According to MacFarlane, this documentation-based approach is “punitive, accusatory and humiliating” and it excludes people with disabilities from conversations about their own needs and identities. Under this approach, an employee must provide medical documentation not only to prove they have a disability, but to explicitly substantiate that the requested accommodation is necessary. MacFarlane also argues that the documentation requirement disproportionately harms members of marginalized communities, who may find it difficult to discuss their disability with a doctor, let alone obtain the specific documentation they need.

Such an approach, according to MacFarlane, betrays the ideals of its editors by prioritizing medical professionals over people affected by their own disabilities.

Alternatively, MacFarlane argues that the rules for seeking disability accommodations should resemble other EEOC rules for seeking religious accommodations.

According to an EEOC guideline on religious discrimination, employers must consider the sincere religious beliefs of their employees, unless doing so would impose an undue hardship on the company. In general, employers must assume that an employee’s request is legitimate because an employer is less familiar with the creed than their employee. Employees may sincerely hold beliefs of their own that differ from others who practice the same faith.

The EEOC recognizes that an individual’s religious beliefs may change over time, and so the fact that an employee adopts a new belief or inconsistently practices an old one is no reason to doubt their sincerity. Employers can only ask for proof of an employee’s belief if there is a legitimate cause for doubt. This evidence can take any form, from any person – it does not have to come from a member of the clergy.

MacFarlane suggests that employers also use this hands-off approach in the context of disability and for the same reasons. There is no one way to experience disability, just as there is no one way to practice faith.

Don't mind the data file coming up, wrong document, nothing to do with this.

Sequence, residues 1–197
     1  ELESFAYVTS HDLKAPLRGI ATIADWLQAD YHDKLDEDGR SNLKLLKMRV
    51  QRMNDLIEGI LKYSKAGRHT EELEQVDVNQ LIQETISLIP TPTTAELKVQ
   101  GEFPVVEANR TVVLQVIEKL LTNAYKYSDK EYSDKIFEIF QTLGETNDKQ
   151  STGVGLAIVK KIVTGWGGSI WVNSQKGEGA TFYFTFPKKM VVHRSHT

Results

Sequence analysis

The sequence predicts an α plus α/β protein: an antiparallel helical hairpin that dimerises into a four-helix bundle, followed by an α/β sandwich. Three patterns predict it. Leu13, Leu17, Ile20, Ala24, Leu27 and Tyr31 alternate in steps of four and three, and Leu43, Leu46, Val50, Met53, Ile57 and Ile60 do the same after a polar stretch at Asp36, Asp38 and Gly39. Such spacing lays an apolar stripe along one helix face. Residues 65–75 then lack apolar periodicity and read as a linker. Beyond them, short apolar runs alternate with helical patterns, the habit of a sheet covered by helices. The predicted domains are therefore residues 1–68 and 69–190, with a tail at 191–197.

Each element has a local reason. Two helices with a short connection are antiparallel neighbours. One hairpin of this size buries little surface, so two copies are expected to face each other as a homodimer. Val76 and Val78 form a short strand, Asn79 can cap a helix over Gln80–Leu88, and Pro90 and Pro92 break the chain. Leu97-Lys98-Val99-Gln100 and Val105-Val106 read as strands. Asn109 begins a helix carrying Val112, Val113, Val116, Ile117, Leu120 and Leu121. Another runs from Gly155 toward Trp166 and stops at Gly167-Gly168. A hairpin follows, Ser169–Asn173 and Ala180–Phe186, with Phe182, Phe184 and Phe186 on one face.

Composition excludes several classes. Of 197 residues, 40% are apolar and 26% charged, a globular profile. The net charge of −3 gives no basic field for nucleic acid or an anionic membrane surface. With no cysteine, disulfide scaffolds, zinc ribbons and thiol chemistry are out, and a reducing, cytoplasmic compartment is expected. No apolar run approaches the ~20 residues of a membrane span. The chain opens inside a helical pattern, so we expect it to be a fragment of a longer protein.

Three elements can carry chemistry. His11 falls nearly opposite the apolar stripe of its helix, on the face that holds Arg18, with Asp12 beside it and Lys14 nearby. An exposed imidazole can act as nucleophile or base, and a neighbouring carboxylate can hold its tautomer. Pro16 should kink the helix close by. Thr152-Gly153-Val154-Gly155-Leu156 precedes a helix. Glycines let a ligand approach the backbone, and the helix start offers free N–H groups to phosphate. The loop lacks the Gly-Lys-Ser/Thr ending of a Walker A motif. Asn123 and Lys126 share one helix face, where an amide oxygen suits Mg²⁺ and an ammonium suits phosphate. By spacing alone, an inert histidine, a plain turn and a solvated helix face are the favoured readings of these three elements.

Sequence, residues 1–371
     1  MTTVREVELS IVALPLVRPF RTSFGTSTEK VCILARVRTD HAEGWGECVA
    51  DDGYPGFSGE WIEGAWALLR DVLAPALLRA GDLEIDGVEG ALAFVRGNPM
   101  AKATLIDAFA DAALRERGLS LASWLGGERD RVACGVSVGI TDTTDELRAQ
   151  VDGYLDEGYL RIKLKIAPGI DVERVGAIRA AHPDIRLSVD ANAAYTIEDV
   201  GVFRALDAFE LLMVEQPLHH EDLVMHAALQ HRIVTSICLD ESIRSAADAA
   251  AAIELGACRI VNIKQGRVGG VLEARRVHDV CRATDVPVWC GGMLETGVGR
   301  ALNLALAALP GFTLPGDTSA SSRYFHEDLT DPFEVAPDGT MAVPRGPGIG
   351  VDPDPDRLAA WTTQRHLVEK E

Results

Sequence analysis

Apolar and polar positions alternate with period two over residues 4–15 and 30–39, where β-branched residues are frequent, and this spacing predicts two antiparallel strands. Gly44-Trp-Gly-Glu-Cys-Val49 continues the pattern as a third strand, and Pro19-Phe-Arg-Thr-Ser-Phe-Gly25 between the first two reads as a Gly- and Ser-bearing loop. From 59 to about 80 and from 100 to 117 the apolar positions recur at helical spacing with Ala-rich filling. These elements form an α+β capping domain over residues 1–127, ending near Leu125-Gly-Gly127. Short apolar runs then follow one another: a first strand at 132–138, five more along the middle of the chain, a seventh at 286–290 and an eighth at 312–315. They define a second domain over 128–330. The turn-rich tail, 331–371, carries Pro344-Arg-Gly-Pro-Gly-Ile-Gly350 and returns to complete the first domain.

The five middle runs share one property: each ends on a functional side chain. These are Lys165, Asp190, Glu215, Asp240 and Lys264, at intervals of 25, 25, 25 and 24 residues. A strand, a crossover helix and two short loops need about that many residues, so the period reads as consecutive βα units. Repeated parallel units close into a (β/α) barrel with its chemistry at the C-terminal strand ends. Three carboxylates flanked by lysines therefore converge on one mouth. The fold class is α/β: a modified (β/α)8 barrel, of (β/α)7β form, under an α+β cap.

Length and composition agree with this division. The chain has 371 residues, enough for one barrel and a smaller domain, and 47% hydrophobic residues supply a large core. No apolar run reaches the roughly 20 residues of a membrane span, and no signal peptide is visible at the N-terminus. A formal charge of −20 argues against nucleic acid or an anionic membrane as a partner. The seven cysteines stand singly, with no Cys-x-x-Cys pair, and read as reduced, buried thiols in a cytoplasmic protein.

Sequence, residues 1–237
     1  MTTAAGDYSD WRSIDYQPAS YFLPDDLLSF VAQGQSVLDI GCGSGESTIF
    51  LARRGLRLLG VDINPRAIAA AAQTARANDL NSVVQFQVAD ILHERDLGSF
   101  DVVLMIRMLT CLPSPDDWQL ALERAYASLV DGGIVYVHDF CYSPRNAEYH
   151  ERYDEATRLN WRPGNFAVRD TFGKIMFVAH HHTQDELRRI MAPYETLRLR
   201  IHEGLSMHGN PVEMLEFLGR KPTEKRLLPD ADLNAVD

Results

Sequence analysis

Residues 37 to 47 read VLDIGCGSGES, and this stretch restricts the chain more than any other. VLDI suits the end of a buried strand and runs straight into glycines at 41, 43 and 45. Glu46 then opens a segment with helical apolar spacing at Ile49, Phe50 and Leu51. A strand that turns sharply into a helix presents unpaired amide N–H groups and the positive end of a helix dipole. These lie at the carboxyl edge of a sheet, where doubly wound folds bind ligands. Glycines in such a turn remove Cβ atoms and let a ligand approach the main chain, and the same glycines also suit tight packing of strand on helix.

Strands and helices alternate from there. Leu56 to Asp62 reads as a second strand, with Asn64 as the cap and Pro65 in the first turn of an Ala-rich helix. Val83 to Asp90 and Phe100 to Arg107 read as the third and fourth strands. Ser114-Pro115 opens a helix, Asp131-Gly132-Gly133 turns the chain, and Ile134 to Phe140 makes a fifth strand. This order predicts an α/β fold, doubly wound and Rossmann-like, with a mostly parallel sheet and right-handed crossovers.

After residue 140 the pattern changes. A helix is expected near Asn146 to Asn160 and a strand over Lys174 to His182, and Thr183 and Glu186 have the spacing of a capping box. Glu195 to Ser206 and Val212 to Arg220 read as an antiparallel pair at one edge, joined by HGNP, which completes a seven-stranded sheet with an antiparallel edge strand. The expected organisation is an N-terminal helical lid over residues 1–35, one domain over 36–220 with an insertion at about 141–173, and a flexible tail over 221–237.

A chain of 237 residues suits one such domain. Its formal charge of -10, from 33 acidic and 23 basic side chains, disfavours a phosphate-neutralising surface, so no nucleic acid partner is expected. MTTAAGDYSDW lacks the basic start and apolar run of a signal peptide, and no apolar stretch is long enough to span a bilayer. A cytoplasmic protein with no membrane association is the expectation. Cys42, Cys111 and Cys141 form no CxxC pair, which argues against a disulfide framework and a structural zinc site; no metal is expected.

MacFarlane argues that a disability should have legal protection even if it is not well understood by the employer. Just as a practitioner with unusual faith need not justify their beliefs, employees with disabilities should not be required to prove their lived experiences with medical documentation.

MacFarlane acknowledges that one of the challenges arising from his proposal would be the deeply ingrained notion that people lie about their disability. But employees can just as easily lie about their religious beliefs, MacFarlane says. Indeed, EEOC guidelines explain dishonesty by allowing employers to request documents if the timing of a request makes it suspicious.

Taking a more passive approach to accommodating people with disabilities, writes MacFarlane, would benefit employers as well as their employees. According to the US Department of Labor, more than half of workplace accommodations cost nothing to implement, and the rest cost an average of $500. MacFarlane argues that removing the need for documentation would benefit employers by saving them the time and expense of collecting and reviewing medical records.

Only when employers stop requiring medical documentation to accommodate employees with disabilities can the accommodation process live up to the vision espoused by ADA drafters, MacFarlane concludes.


About Author

Comments are closed.